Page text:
I would gladly learn every negro on the place to read the Bible, but for a fanaticism which, while it professes friendship to the negro, is keeping a cloud over his mental vision, and almost crushing out his hopes of salvation.1
These are some of the leading outlines of my management, so far as my negroes are concerned. That they are imperfect, and could be greatly improved, I readily admit; and it is only with the hope that I shall be able to improve them by the experience of others that I have given them to the public.
Should you come to the conclusion that these rules would be of any service when made known to others, you will please give them a place in the Review.
1. There shall be a place for everything, and everything shall be kept in its place.
2. On the first days of January and July, there shall be an p102account taken of the number and condition of all the negroes, stock, and farming utensils of every description on the premises, and the same shall be entered in the plantation book.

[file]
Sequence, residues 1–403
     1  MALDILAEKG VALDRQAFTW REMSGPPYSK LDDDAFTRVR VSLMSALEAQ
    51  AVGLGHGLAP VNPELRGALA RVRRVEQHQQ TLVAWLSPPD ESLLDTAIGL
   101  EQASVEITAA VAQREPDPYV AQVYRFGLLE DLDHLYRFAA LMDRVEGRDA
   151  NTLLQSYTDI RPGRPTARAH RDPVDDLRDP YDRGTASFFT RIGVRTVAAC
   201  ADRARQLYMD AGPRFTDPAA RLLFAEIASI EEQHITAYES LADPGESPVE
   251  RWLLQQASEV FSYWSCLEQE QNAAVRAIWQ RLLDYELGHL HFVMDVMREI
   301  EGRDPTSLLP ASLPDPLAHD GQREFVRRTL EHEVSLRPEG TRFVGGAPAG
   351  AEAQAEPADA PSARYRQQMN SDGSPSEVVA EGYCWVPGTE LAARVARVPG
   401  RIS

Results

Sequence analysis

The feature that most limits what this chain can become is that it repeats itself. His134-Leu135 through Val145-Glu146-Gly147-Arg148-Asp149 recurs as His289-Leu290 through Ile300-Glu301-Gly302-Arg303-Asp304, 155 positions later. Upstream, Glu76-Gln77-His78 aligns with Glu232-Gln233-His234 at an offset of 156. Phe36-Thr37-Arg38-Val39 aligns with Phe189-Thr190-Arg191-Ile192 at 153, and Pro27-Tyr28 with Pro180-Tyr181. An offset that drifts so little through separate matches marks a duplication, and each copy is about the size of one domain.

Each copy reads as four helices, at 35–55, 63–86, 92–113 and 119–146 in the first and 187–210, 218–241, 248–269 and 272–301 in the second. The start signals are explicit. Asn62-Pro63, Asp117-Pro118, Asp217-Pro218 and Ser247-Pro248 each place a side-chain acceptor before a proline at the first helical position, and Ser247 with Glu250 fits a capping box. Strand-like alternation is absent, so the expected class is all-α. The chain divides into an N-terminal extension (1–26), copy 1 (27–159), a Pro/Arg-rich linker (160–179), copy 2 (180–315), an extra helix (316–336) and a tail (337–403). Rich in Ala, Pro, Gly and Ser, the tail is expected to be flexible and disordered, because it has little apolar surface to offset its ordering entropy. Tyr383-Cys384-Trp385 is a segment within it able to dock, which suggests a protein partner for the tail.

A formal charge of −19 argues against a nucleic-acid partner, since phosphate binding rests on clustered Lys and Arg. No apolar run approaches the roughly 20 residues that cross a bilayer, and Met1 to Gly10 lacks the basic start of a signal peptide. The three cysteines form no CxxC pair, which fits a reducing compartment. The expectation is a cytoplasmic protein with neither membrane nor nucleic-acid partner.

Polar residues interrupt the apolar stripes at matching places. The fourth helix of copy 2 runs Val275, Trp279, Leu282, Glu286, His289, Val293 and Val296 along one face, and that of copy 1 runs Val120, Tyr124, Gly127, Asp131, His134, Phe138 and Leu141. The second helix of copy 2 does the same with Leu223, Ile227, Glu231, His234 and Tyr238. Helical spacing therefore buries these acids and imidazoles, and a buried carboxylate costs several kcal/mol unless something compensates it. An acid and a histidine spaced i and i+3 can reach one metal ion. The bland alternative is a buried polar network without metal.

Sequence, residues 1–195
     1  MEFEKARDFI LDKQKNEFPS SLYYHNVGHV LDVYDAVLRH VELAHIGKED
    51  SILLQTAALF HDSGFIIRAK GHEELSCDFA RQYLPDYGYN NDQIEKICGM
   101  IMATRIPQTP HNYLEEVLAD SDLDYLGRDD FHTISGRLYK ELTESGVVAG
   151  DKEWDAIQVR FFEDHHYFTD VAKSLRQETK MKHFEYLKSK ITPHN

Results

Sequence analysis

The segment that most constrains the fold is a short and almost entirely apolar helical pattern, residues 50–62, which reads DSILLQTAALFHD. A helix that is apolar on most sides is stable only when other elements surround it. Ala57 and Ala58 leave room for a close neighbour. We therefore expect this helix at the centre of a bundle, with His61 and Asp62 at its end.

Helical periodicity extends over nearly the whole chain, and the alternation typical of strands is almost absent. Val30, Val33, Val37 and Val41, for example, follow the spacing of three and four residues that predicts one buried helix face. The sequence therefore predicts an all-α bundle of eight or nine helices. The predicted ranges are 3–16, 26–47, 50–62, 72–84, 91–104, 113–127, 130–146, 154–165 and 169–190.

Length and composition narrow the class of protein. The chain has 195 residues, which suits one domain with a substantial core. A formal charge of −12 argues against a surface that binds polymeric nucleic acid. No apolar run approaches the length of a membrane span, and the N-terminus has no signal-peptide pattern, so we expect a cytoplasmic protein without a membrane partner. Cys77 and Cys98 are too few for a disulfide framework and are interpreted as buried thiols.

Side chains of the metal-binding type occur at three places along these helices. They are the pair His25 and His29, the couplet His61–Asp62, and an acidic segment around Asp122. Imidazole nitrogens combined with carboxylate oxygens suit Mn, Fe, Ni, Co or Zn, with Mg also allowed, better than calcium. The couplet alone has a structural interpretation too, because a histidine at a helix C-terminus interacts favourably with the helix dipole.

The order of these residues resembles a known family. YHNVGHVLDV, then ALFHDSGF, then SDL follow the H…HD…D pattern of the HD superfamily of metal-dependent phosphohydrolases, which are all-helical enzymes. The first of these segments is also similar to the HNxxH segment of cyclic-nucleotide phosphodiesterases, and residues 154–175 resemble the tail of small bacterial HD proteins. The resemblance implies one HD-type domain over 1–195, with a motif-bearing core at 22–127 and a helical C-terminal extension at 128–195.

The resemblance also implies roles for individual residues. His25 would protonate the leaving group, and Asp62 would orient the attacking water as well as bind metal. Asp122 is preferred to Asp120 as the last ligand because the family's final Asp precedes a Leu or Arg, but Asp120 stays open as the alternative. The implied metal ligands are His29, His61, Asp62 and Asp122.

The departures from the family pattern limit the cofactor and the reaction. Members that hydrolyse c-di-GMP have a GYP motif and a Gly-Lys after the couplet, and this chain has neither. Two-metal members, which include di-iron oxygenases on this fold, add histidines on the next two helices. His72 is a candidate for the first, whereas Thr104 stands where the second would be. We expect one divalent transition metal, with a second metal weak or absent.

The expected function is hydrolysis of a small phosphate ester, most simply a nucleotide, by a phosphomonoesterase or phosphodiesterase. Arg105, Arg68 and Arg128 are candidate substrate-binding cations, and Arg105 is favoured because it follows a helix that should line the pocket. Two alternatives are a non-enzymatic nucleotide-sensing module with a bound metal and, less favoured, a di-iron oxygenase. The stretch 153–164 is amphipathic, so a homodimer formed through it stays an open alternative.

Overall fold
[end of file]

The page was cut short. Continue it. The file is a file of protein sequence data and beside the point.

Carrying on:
3. It shall be the duty of the overseer to call upon the stock-minder once every day, to know if the cattle, sheep and hogs have been seen and counted, and to find out if any are dead, missing or lost.
4. It shall be the duty of the overseer, at least once in every week, to see and count the stock himself, and to inspect the fences, gates, and water-gaps on the plantation, and see that they are in good order.
5. The wagons, carts, and all other implements, are to be kept under the sheds, and in the houses where they belong, except when in use.
6. Each negro man will be permitted to keep his own axe, and shall have it forthcoming when required by the overseer. No other tool shall be taken or used by any negro without the permission of the overseer.
7. Humanity on the part of the overseer, and unqualified obedience on the part of the negro, are, under all circumstances, indispensable.